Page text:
"The Unquiet Grave" another original. This one is pretty experimental and very soundscape heavy. To me it just kind of meanders and doesn't really go anywhere.

Prince's "The Sign O' The Times" is probably the most upbeat point of the album with some light drum machines and percussive sounds helping provide a bit of a funky beat to Steven's understated vocals. It's different but it is a bright spot.

"Well You're Wrong" is similar to "Please Come Home" in that it's a nice little tune, but not great.

Donovan's "Lord of the Reedy River" low key to the point of being (for me) boring. There are some interesting sounds and such, but pretty minimalist and doesn't really pop to me.

An End to End is another track that to me just doesn't seem to go anywhere.

It pains me to give a Steven Wilson release anything less than 5 stars, but this one just isn't that good. Only really suggested for completists and serious SW fans.
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1 of 1 people found the following review helpful
on November 20, 2014
Format: Audio CDVerified Purchase
The album takes you on an amazing musical journey.
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3 of 5 people found the following review helpful
Format: Audio CD
I purchased these collections as they were being released individually through Burning Shed. I was quite excited when each was released and I was able to hear what cover came next. And then the collector's box with the release of the sixth was a real treat as it connected mini lp envelopes cor each disc that depicted a history of physical music of sorts. I am mot sure how this collection is presented, but that was a wonderful finale to the whole collection.

As for the music itself, the best way to describe the whole collection as hit and miss. While the entire set is a wonderful addition to any Steven Wilson collection. However, some of these songs will indeed seem to be for collector's only. They are not entirely accessible to everyone, and I think that was the point: Wilson wanted to present some familiar songs in a very different light. But I will say that some of the songs have a tendency to grow on you. Cover Version V was one that I found so complete odd and out of place in my Steven Wilson library, but over time I really came to enjoy it in an odd way. I now find the poppy synth shift into wall-of-digital-noise quite appealing to the whole song's intent. However, the Wilson original song that accompanies it still is not one that I find particularly engaging at all.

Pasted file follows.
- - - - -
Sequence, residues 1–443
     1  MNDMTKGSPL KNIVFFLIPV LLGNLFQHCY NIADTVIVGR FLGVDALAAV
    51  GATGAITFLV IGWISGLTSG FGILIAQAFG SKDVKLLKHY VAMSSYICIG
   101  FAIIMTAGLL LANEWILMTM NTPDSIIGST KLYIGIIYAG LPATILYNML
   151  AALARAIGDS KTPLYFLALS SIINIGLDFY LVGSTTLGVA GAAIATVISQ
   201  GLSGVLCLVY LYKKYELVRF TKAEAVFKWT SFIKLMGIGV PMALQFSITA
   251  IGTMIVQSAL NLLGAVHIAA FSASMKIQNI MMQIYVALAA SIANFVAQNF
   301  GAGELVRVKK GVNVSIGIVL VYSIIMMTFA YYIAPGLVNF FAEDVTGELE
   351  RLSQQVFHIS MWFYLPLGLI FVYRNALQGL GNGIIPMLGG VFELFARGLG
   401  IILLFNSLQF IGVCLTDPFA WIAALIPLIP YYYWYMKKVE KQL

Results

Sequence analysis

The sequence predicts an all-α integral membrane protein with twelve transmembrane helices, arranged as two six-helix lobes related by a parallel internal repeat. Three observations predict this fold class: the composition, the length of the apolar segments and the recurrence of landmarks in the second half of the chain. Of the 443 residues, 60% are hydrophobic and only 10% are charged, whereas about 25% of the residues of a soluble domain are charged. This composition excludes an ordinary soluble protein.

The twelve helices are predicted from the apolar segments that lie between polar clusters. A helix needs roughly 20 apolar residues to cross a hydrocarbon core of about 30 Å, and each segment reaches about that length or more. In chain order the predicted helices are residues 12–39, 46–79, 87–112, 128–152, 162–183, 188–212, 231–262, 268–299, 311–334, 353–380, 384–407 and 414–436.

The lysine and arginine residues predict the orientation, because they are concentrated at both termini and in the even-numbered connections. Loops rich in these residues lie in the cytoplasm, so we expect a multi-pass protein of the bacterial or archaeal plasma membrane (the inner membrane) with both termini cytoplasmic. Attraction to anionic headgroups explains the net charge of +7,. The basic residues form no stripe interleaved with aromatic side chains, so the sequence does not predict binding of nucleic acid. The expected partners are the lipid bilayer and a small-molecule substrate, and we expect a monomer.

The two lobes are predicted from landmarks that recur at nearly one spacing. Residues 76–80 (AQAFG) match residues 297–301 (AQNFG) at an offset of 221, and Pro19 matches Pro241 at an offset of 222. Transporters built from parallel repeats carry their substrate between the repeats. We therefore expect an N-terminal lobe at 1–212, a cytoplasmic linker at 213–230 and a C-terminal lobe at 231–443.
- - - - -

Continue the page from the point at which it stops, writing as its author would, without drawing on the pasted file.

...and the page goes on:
So the collection is a hit and miss, but, as a whole, it is a fantastic investment as well as a large part of Steven Wilson history.

Pesonal favorite: Cover Version VI accompanied by And End to End.
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3 of 5 people found the following review helpful
Format: Audio CDVerified Purchase
I was looking forward to this new release by Steve and upon the first listen I was stunned. Yes some of these songs are covers and some are just filler. I have everything Porcupine Tree and Steve has put out. I am an avid fan, but simply cannot understand why he would put something like this out. It left me feeling nothing. There does not seem to be any kind of emotion, good or bad here. I never thought I would have a CD by Steve that I would be getting rid of. He can do what he wants musically and has never disappointed me, until now. I am being honest with my opinion. I hope that this is like someone that just has to get it out of his blood and then move on to making great music again. How about a new Porcupine Tree CD to make some of us forget this blip in an otherwise exceptional career. Still Love your music Steve! Just not this!